WASHINGTON — House Republican leaders scrambled Thursday to line up support in advance of a late-afternoon vote on legislation that would cut nearly $4 billion a year from the food stamp program, now used by 1 in 7 Americans.
Some GOP moderates questioned the 5 percent cut to the almost $80 billion-a-year program as Democrats united strongly against it.
The bill's savings would be achieved by allowing states to put broad new work requirements in place for many food stamp recipients and to test applicants for drugs. The bill also would end government waivers that have allowed able-bodied adults who don't have dependents to receive food stamps indefinitely.
House conservatives, led by Majority Leader Eric Cantor, R-Va., have said the program has become bloated. More than 47 million Americans are now on food stamps, and the program's cost more than doubled in the last five years as the economy struggled through the Great Recession. Democrats said the rise in the rolls during tough economic times showed the program was doing its job.
Finding a compromise — and the votes — to scale back the feeding program has been difficult. Conservatives have insisted on larger cuts, Democrats have opposed any cuts and moderate Republicans from areas with high food stamp usage have been wary of efforts to slim the program.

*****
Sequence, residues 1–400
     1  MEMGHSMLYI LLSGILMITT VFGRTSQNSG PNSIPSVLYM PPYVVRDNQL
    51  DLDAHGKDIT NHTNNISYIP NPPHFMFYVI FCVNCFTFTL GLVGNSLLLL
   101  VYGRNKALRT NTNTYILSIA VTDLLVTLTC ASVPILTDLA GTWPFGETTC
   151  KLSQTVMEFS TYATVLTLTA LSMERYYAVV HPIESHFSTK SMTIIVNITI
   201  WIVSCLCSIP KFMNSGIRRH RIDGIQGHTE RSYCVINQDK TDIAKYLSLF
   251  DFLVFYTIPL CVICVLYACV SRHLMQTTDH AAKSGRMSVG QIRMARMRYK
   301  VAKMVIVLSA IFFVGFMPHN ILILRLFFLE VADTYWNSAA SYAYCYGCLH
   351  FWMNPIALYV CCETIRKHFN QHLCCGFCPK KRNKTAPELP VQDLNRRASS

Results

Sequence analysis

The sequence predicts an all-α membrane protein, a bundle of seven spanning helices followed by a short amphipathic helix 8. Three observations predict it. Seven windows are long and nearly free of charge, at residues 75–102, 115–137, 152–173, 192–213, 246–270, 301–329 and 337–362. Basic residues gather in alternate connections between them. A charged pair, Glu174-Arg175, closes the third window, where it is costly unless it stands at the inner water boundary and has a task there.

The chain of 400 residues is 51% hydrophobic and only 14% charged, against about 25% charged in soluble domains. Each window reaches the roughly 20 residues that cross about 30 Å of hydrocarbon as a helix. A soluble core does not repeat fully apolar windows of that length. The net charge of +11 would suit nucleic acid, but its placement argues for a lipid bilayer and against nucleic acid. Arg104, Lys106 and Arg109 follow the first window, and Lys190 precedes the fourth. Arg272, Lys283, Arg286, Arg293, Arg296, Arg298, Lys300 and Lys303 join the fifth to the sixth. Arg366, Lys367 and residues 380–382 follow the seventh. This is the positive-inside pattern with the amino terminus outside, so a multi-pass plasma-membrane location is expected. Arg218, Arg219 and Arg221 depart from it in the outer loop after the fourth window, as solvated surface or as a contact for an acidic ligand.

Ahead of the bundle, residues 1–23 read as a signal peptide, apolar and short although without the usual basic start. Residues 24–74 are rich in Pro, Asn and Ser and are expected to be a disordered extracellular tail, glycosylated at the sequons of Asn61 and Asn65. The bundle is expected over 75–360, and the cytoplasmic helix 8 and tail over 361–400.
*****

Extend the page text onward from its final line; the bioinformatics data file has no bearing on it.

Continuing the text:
"I think the cuts are too drastic and too draconian," said Rep. Michael Grimm, R-N.Y., who plans to vote against the bill. He represents Staten Island, which was hard hit by Hurricane Sandy last year. "Those that really need the program will suffer," he said.
Rep. Don Young, R-Alaska, also plans a "no" vote, according to his spokesman, Michael Anderson. He said Young is concerned about the impact the cuts could have on people in his state's poorest, most rural areas.